Knight and Day: Guns, Cool Shades and a Smile
Ever since Tom Cruise came
out all slick and cool at the end of 1983’s Risky
Business, he has shown no sign of slowing down. Cruise has had one of the most interesting
and versatile film careers, and it all has to do with his foresight and eye for
quality. At 48-years-old, Cruise had it all figured out; except for one thing: how
to age gracefully.
Knight and Day could have been that good-hearted stab at
the iconic Cruise persona, and it did have
a promising start, but quickly turned into a generic not-so-funny spy film. Roy
Miller (Cruise) ends up on a plane with June (Diaz) and a half-a-dozen spies.
It is the best sequence in film, so we’ll spare you the details; but director
Mangold gets some really unusual momentum going during that scene and it works.
Roy falls in love with June and becomes an insufferable action-hero
the charm of a stoker. He drags (and drugs) his only reluctant admirer
no good reason other than to show her his secret tropical island later
espionage plotline then becomes confusing: the government is chasing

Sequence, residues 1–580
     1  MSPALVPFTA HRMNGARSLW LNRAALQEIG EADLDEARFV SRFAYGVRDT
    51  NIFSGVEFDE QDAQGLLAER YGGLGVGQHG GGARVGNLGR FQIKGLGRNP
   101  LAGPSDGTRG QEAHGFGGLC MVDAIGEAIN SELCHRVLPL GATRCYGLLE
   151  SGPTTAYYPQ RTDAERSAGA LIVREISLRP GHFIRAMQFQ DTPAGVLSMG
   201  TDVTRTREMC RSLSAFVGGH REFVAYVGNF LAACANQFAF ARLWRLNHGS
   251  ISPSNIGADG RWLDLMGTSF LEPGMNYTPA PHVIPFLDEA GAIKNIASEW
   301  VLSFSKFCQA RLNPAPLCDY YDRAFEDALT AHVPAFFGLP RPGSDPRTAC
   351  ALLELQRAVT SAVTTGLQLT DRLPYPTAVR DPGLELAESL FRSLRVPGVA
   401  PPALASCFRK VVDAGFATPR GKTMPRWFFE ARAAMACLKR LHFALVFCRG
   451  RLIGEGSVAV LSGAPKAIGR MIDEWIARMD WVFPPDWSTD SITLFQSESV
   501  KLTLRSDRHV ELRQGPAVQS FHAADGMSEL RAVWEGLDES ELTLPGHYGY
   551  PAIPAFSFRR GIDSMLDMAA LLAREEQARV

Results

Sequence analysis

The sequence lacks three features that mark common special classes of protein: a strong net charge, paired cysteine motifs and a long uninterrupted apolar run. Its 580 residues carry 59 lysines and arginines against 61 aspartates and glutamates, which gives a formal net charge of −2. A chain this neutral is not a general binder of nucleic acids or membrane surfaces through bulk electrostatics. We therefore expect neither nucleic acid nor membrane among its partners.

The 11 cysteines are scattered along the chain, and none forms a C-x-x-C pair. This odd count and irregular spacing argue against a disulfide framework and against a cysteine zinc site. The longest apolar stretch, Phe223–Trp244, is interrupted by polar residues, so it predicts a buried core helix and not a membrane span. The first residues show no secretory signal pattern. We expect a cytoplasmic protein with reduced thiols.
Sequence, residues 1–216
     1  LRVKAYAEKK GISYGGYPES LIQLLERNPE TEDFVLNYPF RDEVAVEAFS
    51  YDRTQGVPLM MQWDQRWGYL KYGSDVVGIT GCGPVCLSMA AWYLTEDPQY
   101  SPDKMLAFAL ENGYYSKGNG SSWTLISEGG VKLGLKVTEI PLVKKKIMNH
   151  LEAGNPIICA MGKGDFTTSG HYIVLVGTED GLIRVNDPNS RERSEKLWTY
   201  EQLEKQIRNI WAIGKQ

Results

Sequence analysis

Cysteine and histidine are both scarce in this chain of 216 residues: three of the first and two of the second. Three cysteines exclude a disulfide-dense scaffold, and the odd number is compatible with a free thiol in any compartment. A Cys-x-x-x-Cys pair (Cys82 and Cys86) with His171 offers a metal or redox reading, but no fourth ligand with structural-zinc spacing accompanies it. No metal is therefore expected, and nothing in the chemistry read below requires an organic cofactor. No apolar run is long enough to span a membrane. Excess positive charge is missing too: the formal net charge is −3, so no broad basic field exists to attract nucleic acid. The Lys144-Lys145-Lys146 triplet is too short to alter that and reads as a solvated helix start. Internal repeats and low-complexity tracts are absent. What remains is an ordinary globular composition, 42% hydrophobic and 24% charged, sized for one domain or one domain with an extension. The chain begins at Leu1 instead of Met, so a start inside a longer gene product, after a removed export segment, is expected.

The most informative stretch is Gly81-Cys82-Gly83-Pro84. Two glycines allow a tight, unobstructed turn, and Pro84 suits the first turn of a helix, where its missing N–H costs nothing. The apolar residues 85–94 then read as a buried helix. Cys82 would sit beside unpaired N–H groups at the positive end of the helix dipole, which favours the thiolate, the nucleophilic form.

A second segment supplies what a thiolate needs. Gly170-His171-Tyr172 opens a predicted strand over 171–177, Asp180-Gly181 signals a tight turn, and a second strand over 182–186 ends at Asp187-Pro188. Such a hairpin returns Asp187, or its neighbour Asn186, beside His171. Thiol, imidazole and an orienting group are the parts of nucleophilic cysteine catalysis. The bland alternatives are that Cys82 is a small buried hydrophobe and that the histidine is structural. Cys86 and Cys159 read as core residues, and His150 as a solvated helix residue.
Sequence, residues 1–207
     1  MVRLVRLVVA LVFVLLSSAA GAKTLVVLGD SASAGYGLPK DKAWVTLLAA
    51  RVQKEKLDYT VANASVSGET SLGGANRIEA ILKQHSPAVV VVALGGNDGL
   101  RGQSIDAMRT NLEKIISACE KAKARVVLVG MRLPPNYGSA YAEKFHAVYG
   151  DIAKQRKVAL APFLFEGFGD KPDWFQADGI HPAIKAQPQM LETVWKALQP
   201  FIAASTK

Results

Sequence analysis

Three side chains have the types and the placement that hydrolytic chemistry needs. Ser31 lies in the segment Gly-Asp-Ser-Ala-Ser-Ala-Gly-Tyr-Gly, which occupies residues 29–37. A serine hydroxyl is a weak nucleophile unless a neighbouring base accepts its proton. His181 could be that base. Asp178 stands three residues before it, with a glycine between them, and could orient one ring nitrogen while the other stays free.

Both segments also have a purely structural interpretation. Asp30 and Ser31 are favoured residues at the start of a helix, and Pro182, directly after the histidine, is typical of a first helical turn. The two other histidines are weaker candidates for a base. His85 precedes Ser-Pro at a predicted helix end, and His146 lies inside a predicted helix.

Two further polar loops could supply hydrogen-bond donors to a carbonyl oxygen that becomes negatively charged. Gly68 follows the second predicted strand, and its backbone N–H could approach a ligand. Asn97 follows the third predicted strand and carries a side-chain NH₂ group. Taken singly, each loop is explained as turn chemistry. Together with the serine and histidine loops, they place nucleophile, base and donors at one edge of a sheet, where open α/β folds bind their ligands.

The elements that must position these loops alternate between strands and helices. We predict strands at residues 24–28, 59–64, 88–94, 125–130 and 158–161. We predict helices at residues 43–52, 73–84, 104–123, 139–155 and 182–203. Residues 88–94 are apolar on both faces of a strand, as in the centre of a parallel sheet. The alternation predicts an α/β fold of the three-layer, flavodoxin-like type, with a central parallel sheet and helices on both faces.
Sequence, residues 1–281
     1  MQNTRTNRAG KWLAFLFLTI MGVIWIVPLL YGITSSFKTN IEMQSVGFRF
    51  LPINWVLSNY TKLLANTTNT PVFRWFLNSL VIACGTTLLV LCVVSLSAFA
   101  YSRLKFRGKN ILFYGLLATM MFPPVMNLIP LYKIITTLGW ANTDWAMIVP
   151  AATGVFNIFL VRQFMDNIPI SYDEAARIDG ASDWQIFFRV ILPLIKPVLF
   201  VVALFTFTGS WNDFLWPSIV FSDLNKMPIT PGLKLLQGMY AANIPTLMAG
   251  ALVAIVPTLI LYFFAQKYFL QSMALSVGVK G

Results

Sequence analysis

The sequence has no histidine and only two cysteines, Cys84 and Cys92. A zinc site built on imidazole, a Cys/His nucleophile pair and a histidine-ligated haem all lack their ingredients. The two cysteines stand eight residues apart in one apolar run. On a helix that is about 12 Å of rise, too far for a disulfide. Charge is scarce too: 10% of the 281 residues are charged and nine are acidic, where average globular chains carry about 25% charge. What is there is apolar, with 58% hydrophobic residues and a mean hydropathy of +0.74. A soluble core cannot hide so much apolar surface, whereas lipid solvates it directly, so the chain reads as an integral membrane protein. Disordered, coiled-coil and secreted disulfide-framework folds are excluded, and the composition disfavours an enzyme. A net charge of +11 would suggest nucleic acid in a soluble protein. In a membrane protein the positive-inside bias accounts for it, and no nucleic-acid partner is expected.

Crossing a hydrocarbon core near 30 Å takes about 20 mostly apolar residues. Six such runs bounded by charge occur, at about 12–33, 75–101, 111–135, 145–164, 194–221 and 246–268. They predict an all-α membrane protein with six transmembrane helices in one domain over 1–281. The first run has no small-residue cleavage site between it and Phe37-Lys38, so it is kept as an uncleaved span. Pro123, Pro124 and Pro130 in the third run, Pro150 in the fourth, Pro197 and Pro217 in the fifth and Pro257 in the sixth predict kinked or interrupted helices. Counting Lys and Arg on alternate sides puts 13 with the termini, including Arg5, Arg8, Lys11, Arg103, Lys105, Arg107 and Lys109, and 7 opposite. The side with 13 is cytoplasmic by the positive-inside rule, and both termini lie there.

Spanish weapons dealer is also on his tail– who’s bad? Who’s good? There
clear-cut answer and Roy
is completely disinterested in an explanation or all the bullets that
The film was funny, gripping
and fresh, but the minute we step out of the plan; Knight
slowly starts to lose steam. The film seems
to have a change of heart early on about its direction and style. It has the
budget, the CGI, and the bankable lead; so it decides to take the route of an
action blockbuster instead.
Mangold (3:10 to Yuma ,
Walk the Line) is an inspired choice of a director for such a film. He’s
good at characterisation and capturing subtle undercurrents of danger, some of
which make it into Knight and Day; but the film ends up as
one of his less impressive efforts. Both Cruise and
Diaz bring sturdy performances that
rely on their fading charms. There is a sense of pretence about both
leads; with Cruise hiding behind his sunglasses and Diaz behind her cheerleader
few laughs and thrills, Knight and Day
falls a little short of entertaining the audience. It’s not going to revive the
careers of either of the leads , but it
won’t end them, either. Lacking heart and soul, it’s hard to react to Knight and Day with
anything other than complete and utter indifference. It’s a good 90-minute
action-comedy, but it could have been better if it hadn’t abandoned the comedy
in favour of CGI bulls.